Flying Through a Turbine Blade

Turbine blades are complicated and delicate pieces of engineering. Each blade has cooling channels that allow air to flow through and exit the porous shell of the blade, maintaining a stable temperature for the assembly. Due to their nature, each turbine blade requires a series of rigorous testing procedures in order to verify their structural integrity. Visual inspection is simple matter but capturing the integral structure is no easy task.

This is where neutron imaging can play a vital role. Neutron imaging is the process of making an image with neutrons. The resulting image is based on the neutron attenuation properties of the imaged object. The resulting images have much in common with industrial X-ray images, but since the image is based on neutron attenuating properties instead of X-ray attenuation properties, some things easily visible with neutron imaging may be very challenging or impossible to see with X-ray imaging techniques

Researchers from Oak Ridge National Laboratory (ORNL)’s Spallation Neutron Source (SNS) have recently utilized neutron imaging to examine the cooling channels and other inner workings of Inconel 718 turbine blades. Watch the video.

Historical Primer on the Algorithms, and Techniques that are shaping our world

giants of machine learningLast year in April I attended a good course of machine learning which pushed my self learning to a new level. The course also introduced the language R and I have loved dipping with machine learning since then though most of it is done in python.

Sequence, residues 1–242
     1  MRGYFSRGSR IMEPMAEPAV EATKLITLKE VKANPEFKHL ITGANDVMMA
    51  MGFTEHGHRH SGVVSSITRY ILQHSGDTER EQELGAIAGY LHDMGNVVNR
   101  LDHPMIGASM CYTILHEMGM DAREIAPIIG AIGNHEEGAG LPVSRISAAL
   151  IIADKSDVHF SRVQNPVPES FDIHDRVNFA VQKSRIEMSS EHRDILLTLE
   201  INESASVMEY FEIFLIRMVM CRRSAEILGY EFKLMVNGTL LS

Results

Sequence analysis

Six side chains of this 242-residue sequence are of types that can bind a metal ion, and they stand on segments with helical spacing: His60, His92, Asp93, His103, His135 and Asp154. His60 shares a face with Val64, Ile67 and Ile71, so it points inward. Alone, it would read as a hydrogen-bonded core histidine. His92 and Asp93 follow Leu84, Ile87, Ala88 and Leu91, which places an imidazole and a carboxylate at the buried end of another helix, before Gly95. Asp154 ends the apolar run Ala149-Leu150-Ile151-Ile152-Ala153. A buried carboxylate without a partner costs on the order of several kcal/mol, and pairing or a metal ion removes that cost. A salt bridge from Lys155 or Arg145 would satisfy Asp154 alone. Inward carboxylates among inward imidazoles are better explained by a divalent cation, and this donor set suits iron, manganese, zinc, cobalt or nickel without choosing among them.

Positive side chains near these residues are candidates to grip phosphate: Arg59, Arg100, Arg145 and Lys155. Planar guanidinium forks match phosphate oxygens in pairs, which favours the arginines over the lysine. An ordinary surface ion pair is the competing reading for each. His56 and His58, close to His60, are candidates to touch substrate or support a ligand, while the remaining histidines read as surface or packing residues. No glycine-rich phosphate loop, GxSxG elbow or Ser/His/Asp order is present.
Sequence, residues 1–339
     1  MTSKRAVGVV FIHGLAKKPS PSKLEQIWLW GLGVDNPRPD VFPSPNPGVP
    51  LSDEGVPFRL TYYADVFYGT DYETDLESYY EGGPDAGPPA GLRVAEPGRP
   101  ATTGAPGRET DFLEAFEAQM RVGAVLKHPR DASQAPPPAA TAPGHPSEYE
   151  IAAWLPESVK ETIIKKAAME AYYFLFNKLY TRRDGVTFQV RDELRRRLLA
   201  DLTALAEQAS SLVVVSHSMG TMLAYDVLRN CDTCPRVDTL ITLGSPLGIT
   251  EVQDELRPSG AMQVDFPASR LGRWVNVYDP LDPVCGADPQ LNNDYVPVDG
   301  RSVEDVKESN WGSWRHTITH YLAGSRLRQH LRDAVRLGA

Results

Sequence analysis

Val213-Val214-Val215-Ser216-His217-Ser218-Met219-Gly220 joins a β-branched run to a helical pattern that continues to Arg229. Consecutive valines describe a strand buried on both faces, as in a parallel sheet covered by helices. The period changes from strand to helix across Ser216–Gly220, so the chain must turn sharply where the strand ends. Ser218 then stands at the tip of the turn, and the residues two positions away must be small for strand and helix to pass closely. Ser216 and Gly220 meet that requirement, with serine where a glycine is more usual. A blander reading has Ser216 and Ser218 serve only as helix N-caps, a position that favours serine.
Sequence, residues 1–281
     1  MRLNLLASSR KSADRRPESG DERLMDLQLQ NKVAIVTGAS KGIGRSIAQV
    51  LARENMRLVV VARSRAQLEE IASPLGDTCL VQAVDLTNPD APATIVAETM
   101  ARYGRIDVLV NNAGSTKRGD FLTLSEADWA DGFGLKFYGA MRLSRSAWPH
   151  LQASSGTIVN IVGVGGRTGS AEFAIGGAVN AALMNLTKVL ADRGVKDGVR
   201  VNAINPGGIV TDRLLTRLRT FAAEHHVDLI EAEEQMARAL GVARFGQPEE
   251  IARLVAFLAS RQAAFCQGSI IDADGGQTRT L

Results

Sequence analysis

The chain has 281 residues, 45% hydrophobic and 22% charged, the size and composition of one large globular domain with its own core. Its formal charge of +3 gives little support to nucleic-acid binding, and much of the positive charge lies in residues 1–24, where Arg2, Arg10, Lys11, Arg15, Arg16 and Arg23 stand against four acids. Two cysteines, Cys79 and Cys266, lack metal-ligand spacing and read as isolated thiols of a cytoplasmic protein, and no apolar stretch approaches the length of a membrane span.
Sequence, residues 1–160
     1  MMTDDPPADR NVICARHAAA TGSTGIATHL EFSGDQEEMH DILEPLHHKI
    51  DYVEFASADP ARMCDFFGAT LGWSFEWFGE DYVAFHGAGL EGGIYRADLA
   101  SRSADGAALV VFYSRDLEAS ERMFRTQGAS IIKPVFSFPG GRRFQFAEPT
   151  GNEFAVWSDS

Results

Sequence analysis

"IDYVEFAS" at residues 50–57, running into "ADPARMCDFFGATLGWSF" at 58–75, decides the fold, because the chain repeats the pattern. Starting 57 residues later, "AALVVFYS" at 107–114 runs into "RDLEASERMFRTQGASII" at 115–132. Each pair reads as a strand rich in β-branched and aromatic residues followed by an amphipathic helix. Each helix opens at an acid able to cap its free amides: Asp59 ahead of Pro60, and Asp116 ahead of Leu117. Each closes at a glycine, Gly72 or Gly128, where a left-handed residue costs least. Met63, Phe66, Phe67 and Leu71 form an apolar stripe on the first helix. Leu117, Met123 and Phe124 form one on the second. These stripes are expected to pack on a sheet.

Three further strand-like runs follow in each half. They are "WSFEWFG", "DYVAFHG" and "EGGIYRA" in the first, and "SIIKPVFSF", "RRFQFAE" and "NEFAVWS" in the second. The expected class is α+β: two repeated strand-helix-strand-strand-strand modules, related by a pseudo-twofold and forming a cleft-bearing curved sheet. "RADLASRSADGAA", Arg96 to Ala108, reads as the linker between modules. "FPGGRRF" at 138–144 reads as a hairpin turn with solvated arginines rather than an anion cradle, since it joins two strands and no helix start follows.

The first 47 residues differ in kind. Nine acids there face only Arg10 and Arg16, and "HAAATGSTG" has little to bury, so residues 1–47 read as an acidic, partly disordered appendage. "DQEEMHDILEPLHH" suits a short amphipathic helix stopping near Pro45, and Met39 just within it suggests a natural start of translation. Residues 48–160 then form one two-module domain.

We had an excellent trainer with more than 20 years of experience in the field. I loved his 101 course in statistics as the prelude to the course and the practical examples that the trainer brought up while teaching us the mechanics of perceptrons, ridge regression etc.

What the course lacked was an historical perspective on machine learning and how it all came about as we now know it.

Found this excellent video that provides that perspective.

From the first meeting in summer of 1956 to the many A.I winters followed by the eventual emergence of deep learning, the below video provides an excellent historical primer on the algorithms, and techniques that are shaping our world.


What can Software Teams Learn From Aviation?

This pycon talk combines my two passions, aviation and software development. Grab a cold coffee and watch this very interesting talk. Just a little over half an hour, if you have any interest in any of this two stream, you will like the talk.

What can Python-based software teams learn from aviation? Why should software always fail hard? What’s wrong with too many error logs? And why are ops people already like pilots? Learn all this, and about planes, too.

If in hurry, you can download the PDF of the presentation.